We have found GAL4/UAS combinations that cannot be suppressed with the two mutant P elements we have tested.   For example, we were unable to suppress lethality and create a balanced stock of the combination GAL4-JW1 and UAS-PKIF 1-1 using P[ry+; Sal I] 89D.  The usefulness of mutant P elements must be tested on a case-by-case basis.  Suppression of the phenotypic effects of UAS transgenes expressing highly toxic products may be difficult to achieve due to a low threshold of tolerance. The use of a stronger promoter to express a Repressor cDNA could be a solution to this problem.  Nevertheless, we have demonstrated the usefulness of mutant P elements in particular cases in three different experimental paradigms.  Lee and Luo (1999) have used Gal 80 in a similar manner to our use of Repressor to carry out mosaic analyses.  The two systems should complement each other in the Drosophila toolbox.

Mosaic analysis of the GAL4-30A, UAS-PKAc 15.3 wing phenotype.

            We previously presented evidence that the wing blister phenotype of GAL4-30A, UAS-PKAc 15.3 is due to expression of PKAc in hemocytes in the wing at the time of, or just prior to, wing expansion, where their role may be to synthesize extracellular matrix that binds the wing surfaces together (Kiger et al., 2001). Because a large population of hemocytes in the wing had not been previously described, we have sought ways to confirm that wing blisters are not caused by expression in the wing epithelium which secretes the cuticle that forms the wing surfaces.  To do so, we have induced mitotic recombination in 1st instar larval cells soon after hatching.  One would think that at the time of wing morphogenesis, hemocytes derived from a mitotically recombined 1st instar larval hemocyte precursor might have become diluted in the larger population of hemocytes derived from non-recombined hemocyte precursors.  However, we reasoned that wing hemocytes might not be part of the general circulation.  Milner and Muir (1987) noted that cultured wing discs have adhering hemocytes that become internalized when the disc evaginates so that the hemocytes are then found in the lumen of the wing.  Division of adhering hemocytes prior to evagination and/or division of hemocytes in the lumen during the period of wing growth after evagination (Murray, et al., 1995) could produce a clone of hemocytes, over a substantial area of the wing blade, that fails to synthesize extracellular matrix.  The observations of wing blisters we present here are evidence that hemocytes are resident in the wing and not part of the circulating hemocyte population.  Studies of DNA replication in the developing wing during the first 24 hr following pupariation have not identified any large population of cells other than epithelial cells (Schubiger and Palka, 1987).  Expansion of the hemocyte population must occur after 24 hr following pupariation. Understanding of wing morphogenesis will require consideration of when and how these two tissues interact.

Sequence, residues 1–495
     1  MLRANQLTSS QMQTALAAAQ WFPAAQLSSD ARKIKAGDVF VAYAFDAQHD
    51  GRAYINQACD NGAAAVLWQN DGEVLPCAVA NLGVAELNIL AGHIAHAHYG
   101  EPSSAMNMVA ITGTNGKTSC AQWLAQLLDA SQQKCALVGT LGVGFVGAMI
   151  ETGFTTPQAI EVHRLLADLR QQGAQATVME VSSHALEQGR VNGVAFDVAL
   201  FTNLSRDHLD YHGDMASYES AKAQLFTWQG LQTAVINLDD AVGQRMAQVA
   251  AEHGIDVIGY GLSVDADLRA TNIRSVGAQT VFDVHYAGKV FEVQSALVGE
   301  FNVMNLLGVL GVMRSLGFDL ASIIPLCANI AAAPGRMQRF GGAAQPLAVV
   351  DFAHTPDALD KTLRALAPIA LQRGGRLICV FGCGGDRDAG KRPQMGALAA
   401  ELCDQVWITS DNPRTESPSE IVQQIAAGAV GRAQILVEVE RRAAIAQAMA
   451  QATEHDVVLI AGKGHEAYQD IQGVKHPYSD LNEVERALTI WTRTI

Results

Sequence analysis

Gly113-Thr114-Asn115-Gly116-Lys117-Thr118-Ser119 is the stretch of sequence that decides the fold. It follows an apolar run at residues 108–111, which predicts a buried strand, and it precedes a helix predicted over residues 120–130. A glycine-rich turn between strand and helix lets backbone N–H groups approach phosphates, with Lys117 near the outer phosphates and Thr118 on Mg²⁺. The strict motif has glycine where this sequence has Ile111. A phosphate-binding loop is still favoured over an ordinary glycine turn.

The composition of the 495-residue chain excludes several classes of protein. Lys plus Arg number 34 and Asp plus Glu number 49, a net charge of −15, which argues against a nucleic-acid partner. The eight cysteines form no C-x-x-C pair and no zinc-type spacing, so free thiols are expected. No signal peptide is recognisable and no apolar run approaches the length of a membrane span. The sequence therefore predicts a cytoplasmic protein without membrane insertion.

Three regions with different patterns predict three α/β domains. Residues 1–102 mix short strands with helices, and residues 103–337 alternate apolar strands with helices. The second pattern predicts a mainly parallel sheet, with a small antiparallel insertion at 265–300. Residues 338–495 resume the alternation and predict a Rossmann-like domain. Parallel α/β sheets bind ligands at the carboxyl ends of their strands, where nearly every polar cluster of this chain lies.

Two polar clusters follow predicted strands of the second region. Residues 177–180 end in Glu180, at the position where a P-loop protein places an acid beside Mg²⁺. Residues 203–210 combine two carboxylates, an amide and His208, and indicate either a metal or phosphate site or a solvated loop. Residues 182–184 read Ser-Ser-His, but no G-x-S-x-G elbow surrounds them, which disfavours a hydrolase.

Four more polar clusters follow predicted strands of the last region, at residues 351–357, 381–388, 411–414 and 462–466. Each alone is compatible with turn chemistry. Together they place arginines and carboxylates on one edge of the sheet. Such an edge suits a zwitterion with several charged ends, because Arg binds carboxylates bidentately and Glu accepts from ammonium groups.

Mosaic analysis of the UAS-PKAcF 1.1; GAL4-71B wing phenotype.

             Expression of PKAc in the wing epithelium does not cause wing blisters, in contrast to the effects of PKAc discussed above.  Expression of PKAc in the wing epithelium produces an effect only in clones located in the wing blade between L3 and L4, where ectopic development of L3 vein material occurs.  These effects can be explained by inactivation of the transcription factor Ci-155 (Aza-Blanc and Kornberg, 1999) due to PKAc phosphorylation (Wang et al., 1999; Kiger and O'Shea, 2001) and consequent failure to induce Patched, Knot and Vein activity. 

            The region between L3 and L4 is the central organizer of the wing specified by the Hedgehog signal emanating from the posterior compartment (Bier, 2000; Mohler et al., 2000).  Hedgehog regulates Ci-155 to activate transcription in the organizer region of genes that include patched, knot and vein.  Knot is a transcription factor that represses vein development in the blade region between L3 and L4.  Vein is a ligand that diffuses beyond the organizer region and induces vein development in cells just outside of the region of Knot expression.  Thus, the vein that forms in the anterior compartment is L3 and that that forms in the posterior compartment is L4.  Clones of knot mutant cells in the wing blade form ectopic vein material but only when the clone is between L3 and L4, just as we see for ectopic PKAc expression (Nestoras et al., 1997).

            In Figure 3B, failure of L4 to form could be due to failure of the cells in the clone to produce the Vein ligand that induces L4.  The anterior of the mirror-image pair of veins forms because Knot is not expressed in the cells that initiate vein formation.  They receive Vein from the cells outside the clone.  Being in the anterior compartment, it is L3 vein that forms.  The ability of vein material to induce vein formation in nearby cells could explain why the cells at the wing margin forming socketed L3-type bristles are outside the clone (Garcia-Bellido, 1977; Mohler et al., 2000).  It is less clear why the posterior of the two mirror-image veins form.  However, similar effects are produced by loss of either Patched or Knot activity in clones (Phillips et al., 1990; Nestoras et al., 1997).  In Figure 3D, the clone anterior to L4 is smaller than that in Figure 3B and causes only a small gap in L4, suggesting that Vein may be able to diffuse through most of the clone to reach the posterior compartment.